The world’s first hydrogen trains have begun commercial services in Northern Germany from September 17, 2018. Known as Coradia iLint, the hydrogen-powered train can accelerate up to 87mph. Two such bright blue-colored trains are running on approximately 62 miles track stretched between Cuxhaven, Bremerhaven, Bremervörde and Buxtehude.
The hydrogen trains are configured with several fuel cells that produce electricity from the mixture of hydrogen and oxygen and thereby emitting only water and steam as pollutants. The excess energy is stored in the lithium-ion batteries installed in the trains.
According to a press release from Alstom, the French maker of hydrogen trains and Europe’s one of the largest railway manufacturers, “The Coradia iLint heralds a new era in emission-free rail transport. It is an innovation that results from French-German teamwork and exemplifies successful cross-border cooperation.”
The German government took deep interest and actively supported the development and testing of the green automobile initiatives. It released funds from the National Innovation Programme for Hydrogen and Fuel Cell Technology for realizing the dream of hydrogen trains.
The authorities of Landesnahverkehrsgesellschaft Niedersachsen (LNVG) have already announced to add and use 14 more such zero-emission trains purchased for €18 million in Germany by the end of 2021.
“We also do this because about 120 diesel train sets in our vehicle pool will reach the end of their lifetime within the next 30 years, meaning we will have to replace them,” said Carmen Schwabl, LNVG’s Managing Director while peeping into the future. “The experience gained with this project helps us find a sustainable and practical solution.”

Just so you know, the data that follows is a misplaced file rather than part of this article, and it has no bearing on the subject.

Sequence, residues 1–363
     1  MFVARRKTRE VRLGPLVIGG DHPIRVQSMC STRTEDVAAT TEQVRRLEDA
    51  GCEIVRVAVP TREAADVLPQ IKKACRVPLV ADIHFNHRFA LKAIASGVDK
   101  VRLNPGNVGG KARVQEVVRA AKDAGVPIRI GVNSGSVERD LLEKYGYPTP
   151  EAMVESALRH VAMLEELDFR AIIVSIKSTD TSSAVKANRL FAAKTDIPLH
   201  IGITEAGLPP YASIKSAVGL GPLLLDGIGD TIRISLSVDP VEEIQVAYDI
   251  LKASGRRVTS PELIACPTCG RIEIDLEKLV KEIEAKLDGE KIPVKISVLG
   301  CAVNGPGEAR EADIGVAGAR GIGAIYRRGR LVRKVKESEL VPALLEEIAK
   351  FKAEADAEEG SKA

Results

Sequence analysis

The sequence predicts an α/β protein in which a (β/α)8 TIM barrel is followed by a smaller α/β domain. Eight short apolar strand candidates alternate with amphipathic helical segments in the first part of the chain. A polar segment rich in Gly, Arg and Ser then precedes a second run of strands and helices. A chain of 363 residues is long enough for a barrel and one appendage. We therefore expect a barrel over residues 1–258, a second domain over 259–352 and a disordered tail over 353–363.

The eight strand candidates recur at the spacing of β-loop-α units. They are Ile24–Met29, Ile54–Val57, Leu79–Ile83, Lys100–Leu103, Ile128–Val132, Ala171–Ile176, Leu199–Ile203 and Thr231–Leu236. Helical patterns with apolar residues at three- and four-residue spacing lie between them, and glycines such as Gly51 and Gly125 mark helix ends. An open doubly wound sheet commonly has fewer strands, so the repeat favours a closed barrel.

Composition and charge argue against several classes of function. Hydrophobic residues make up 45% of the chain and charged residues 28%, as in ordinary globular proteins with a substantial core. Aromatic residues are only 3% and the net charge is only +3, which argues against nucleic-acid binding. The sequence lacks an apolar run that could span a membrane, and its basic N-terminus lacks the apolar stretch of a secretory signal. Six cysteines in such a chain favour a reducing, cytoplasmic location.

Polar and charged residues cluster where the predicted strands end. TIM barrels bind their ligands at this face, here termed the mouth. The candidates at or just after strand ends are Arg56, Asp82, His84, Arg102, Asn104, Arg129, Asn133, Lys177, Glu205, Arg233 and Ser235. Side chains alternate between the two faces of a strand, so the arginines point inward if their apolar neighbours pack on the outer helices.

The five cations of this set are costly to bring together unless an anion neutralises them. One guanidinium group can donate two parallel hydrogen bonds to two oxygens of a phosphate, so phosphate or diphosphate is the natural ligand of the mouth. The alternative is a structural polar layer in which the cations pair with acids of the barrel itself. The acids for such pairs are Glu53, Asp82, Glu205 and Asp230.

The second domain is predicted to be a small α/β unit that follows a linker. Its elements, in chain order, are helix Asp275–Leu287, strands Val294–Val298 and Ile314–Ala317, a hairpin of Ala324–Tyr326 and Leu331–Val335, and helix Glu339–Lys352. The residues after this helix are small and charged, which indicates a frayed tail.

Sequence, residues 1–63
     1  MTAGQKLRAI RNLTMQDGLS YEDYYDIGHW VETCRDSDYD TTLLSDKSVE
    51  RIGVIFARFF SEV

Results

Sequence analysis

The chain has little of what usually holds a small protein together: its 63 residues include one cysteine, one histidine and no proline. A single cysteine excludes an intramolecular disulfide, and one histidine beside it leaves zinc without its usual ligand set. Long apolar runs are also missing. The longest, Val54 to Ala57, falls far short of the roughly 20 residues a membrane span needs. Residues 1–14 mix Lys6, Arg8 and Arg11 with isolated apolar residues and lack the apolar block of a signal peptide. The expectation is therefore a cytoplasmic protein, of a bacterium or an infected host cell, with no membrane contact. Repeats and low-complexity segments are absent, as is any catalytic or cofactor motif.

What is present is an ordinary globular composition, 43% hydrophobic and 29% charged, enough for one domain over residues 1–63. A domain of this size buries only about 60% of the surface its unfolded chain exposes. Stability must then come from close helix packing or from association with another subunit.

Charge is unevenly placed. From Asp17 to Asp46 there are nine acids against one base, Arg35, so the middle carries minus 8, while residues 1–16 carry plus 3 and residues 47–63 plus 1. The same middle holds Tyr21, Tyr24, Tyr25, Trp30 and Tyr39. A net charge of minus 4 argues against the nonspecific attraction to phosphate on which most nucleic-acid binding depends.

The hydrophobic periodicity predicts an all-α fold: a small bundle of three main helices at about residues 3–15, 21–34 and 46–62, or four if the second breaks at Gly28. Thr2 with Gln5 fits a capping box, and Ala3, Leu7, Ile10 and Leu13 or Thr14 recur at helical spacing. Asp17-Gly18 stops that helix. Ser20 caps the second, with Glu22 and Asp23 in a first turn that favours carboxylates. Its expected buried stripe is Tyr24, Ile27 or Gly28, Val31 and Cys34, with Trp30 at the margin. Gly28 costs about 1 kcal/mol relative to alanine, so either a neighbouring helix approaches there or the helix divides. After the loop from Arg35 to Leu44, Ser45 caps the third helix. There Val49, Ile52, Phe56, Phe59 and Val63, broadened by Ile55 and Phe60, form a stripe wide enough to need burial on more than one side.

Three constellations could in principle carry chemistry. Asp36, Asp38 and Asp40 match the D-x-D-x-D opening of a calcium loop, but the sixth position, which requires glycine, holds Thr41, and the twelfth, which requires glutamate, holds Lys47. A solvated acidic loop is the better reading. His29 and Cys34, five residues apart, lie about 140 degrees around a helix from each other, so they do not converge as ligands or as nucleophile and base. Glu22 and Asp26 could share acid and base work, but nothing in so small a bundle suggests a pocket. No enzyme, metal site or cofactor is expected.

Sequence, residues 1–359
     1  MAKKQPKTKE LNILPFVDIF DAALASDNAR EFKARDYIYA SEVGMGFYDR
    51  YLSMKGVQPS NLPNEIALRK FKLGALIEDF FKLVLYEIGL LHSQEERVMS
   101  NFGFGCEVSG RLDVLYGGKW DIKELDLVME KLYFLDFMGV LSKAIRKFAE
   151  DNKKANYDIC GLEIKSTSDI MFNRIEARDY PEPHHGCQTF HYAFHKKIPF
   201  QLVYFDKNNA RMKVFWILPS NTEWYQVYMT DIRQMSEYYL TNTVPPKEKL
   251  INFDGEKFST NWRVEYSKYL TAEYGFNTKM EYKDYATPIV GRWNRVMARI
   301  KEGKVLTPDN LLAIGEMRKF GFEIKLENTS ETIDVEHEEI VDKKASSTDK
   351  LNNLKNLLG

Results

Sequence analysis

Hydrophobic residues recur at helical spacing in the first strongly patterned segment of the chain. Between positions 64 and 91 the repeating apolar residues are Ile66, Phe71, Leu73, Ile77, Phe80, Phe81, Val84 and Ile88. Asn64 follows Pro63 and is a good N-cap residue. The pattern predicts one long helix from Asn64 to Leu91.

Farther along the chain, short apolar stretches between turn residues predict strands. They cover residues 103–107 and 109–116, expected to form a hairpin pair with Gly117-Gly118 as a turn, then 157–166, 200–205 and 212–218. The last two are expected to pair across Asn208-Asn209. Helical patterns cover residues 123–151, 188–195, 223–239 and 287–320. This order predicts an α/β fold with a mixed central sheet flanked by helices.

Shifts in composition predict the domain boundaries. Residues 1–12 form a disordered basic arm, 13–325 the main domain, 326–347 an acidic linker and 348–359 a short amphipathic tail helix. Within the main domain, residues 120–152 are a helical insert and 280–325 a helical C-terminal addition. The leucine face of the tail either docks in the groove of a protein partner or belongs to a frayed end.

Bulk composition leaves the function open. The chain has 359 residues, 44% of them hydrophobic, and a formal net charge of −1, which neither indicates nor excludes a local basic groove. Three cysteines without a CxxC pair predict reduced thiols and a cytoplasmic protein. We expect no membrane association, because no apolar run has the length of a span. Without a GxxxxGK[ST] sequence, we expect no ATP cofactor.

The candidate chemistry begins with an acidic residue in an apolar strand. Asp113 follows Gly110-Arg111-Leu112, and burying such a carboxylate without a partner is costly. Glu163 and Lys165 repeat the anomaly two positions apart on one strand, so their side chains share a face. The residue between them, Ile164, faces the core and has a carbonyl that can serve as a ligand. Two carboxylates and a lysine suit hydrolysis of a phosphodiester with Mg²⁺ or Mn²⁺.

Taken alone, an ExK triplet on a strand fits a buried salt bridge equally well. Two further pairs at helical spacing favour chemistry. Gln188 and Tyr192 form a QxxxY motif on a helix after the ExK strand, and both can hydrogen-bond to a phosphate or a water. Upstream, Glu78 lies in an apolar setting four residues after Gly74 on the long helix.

With this, Germany is on the verge of becoming the first passenger rail transport authority to substitute zero-emission vehicles for existing diesel fleet.
Other countries including Britain, Canada, France, Italy, Norway, Netherland and Denmark have already shown interests in the new clean energy train technology. In fact, the French government has hinted to introduce the first hydrogen train on the tracks by 2022, as cited by Guardian.
— Alstom (@Alstom) 16 September 2018
Hydrogen Trains Capacities
Eisenbahnen und Verkehrsbetriebe Elbe-Weser (EVB) hosts nearly two million railways passengers and around four million bus passengers annually. It will be incredible to witness the implementation of an emission-free mobility solution on such a busy premise.
"For the time being, it is travelers in EVB’s Elbe-Weser network who can look forward to a world-first journey on the low-noise, zero-emission trains,” Alstom CEO Henri Poupart-Lafarge announced at the unveiling ceremony in Bremervörde.
He further added that with one full tank, the hydrogen-powered train can travel up to 621 miles. The trains will be refueled with gaseous hydrogen from a 40-foot steel container placed inside a mobile hydrogen filling station at Bremervörde.
Alstom planned to construct a stationary hydrogen fuelling station on EVB ground by 2021.
“Sure, buying a hydrogen train is somewhat more expensive than a diesel train, but it is cheaper to run,” Stefan Schrank, the Project Manager at Alstom told Guardian.